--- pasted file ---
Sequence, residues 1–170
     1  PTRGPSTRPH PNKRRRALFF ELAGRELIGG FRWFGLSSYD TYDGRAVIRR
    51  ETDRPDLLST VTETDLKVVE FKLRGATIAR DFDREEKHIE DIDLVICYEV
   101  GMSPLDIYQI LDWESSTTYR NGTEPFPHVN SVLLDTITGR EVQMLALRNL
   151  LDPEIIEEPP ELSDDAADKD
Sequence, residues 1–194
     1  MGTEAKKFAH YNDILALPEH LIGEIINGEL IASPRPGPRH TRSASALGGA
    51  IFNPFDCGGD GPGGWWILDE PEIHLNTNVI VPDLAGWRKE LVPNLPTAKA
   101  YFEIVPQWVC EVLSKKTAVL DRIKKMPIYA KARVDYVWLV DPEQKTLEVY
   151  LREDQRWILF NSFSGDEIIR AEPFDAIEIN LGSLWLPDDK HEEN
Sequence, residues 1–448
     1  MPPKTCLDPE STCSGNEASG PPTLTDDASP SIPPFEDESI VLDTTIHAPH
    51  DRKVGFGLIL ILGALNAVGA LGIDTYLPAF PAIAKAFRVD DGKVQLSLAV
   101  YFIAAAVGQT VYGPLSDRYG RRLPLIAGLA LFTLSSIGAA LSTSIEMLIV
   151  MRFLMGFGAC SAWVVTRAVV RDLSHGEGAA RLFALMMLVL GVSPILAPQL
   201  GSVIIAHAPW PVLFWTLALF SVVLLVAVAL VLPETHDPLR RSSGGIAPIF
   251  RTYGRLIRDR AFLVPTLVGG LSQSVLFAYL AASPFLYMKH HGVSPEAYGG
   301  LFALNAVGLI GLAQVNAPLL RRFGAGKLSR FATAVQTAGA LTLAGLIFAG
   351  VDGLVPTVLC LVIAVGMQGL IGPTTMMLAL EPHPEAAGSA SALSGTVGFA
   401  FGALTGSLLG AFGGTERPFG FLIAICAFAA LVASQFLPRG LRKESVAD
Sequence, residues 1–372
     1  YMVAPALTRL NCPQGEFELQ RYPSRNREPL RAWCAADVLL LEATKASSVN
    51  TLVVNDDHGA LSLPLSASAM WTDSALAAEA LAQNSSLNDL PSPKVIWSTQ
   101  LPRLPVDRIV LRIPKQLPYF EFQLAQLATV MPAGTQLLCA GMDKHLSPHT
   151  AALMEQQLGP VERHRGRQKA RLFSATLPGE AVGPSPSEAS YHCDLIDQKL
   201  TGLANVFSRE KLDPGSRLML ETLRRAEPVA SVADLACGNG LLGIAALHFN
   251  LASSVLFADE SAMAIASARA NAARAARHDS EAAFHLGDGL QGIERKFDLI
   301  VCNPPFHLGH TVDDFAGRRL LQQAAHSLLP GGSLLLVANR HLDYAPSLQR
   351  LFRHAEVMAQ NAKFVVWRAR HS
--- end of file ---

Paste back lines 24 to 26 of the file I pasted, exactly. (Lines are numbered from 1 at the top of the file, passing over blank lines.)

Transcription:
   101  LPRLPVDRIV LRIPKQLPYF EFQLAQLATV MPAGTQLLCA GMDKHLSPHT
   151  AALMEQQLGP VERHRGRQKA RLFSATLPGE AVGPSPSEAS YHCDLIDQKL
   201  TGLANVFSRE KLDPGSRLML ETLRRAEPVA SVADLACGNG LLGIAALHFN